Build Your Own Radio Clock Transmitter

NIST

Deep in the Colorado foothills, there are two radio transmitters that control the time on millions of clocks all across North America. It’s WWVB, the NIST time signal radio station that sends the time from several atomic clocks over the airwaves to radio controlled clocks across the continent. You might think replicating a 70 kW, multi-million dollar radio transmitter to set your own clock might be out of reach, but with a single ATtiny45, just about everything is possible.

Even though WWVB has enough power to set clocks in LA, New York, and the far reaches of Canada, even a pitifully underpowered transmitter – such as a microcontroller with a long wire attached to a pin PWMing at 60kHz – will be more than enough to overpower the official signal and set a custom time on a WWVB-controlled clock. This signal must be modulated, of course, and the most common radio controlled clocks use an extremely simple amplitude modulation that can be easily replicated by changing the duty cycle of the carrier. After that, it’s a simple matter of encoding the time signal.

The end result of this build is an extremely small one-chip device that can change the time of any remote-controlled clock. We can guess this would be useful if your radio controlled clock isn’t receiving a signal for some reason, but the fact that April 1st is just a few days away gives us a much, much better idea.

Comments

  1. Mike says:

    How many people are going to be late for work this April Fools Day because of this?

  2. XOIIO says:

    I just wish I knew someone that had a radio controlled clock.

  3. dlemmink says:

    Wow, great project. Wondering about the legality of a transmitter of this type even at low power. A receiver based on an ATTINY85 would make a very useful device though.

  4. Kuy says:

    I would like to propose an entire HaD category in the theme of “with a single ATtiny45, just about everything is possible.” The Tiny25/45/85 is an amazing chip and is worthy of its reputation as an eight-pin Swiss army knife. This also sounds like it could be a great new contest in the format of the 555 contest!

  5. mikes electric stuff says:

    You may need to hang around a while though – many radio controlled clocks only look for a signal once a day or so to resync their internal timebase.

    • r4k says:

      This. Most “atomic” clocks only enable and poll the radio once a day. The is usually done late at night when longwave reception is at its best. This is why you need to set an approximate time on many clocks before they will sync with WWVB.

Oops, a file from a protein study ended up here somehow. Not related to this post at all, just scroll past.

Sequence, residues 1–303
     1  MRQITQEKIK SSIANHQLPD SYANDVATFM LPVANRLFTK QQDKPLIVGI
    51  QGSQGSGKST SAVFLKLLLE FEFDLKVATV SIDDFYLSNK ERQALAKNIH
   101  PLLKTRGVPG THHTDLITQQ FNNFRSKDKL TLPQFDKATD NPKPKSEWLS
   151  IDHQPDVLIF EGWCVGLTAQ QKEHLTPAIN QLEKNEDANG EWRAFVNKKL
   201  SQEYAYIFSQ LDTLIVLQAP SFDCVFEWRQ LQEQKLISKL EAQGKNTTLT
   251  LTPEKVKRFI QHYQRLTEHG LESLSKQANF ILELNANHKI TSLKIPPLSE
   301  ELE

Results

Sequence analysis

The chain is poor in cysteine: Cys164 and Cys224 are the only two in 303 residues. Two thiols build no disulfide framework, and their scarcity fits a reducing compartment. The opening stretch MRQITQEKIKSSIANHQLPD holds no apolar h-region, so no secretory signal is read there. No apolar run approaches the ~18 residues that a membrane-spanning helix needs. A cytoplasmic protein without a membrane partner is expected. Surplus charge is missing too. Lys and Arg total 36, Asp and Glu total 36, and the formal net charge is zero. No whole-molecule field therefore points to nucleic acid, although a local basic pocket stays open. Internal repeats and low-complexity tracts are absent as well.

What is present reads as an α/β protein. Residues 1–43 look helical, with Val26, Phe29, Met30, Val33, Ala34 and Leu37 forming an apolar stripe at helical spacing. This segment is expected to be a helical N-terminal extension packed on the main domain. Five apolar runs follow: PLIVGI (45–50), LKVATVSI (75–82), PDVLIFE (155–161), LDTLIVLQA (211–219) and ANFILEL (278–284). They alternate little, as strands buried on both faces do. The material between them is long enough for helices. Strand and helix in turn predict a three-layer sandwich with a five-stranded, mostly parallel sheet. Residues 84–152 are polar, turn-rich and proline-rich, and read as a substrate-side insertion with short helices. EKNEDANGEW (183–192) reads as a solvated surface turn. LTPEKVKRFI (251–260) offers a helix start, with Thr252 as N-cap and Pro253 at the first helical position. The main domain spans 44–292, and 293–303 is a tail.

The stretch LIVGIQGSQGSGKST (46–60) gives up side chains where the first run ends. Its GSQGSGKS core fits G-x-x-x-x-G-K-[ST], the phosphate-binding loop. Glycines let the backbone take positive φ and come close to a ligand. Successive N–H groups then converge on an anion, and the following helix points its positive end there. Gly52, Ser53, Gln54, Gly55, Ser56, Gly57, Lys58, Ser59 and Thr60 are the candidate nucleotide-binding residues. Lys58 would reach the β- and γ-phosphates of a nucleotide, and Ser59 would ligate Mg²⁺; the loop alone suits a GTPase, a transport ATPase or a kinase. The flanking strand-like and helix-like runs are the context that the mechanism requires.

6. Anthony says:

    Most Time Clocks work with that Sync …

    Could be interesting

  7. orenbeck says:

    As a tool to show how Radio Clock works- wonderful work . For the love of Darwin… be mindful of how far these signals can really go. Nope- the inch of wire in a safe demo is not that liable to go major distances at these frequencies. My concern is some cretin who uses a bit more power or better antennas- or just gets Darwin Lucky in re-radiation coupling to other wires!

    I can sketch out a credible risk of a Ham Shack/SW listener or someone with old twinlead fed roof antennas etc having that parasitic coupling. And yes- that gets their clock whacker signal out into danger space. It’s why we used to confine some work to a REAL shield room.

    Yes, it is Damned illegal to screw with such signals and even if you think you got away with no damages- it’s a when, not if about the epic doom. Clock and Location systems can indeed pose a life safety issue in ways approaching impossible to predict.

    There’s a layer beyond mere legal compliance. It’s called thinking of consequences. There’s a quite serious potential for Very Bad Things. As these signals can and DO propagate over astonishing distances, with a scary real potential of you pranging stuff on the other side of town or farther.

    It’s not “just” Lulz to screw up our delicate ballet of interconnections It’s risking a lot more.

    if someone at minimum is late for a schedule as the worst, they’re quite liable to NOT wish you well… If someone DIES from several scenarios that we are supposed to be mindful of preventing, it’s going to not only be jail for the perp-it’s going to rain hell on *ALL Hacking of RF stuff! *

    A proof-of-concept in a sandbox, go for it. A small area of Maker Faire equally cool. Do this in the wider world and you lose all honor=you’re a vandal/belong in jail for reckless endangerment.

    Laugh at my reality check , but be careful, eh?

    • Trui says: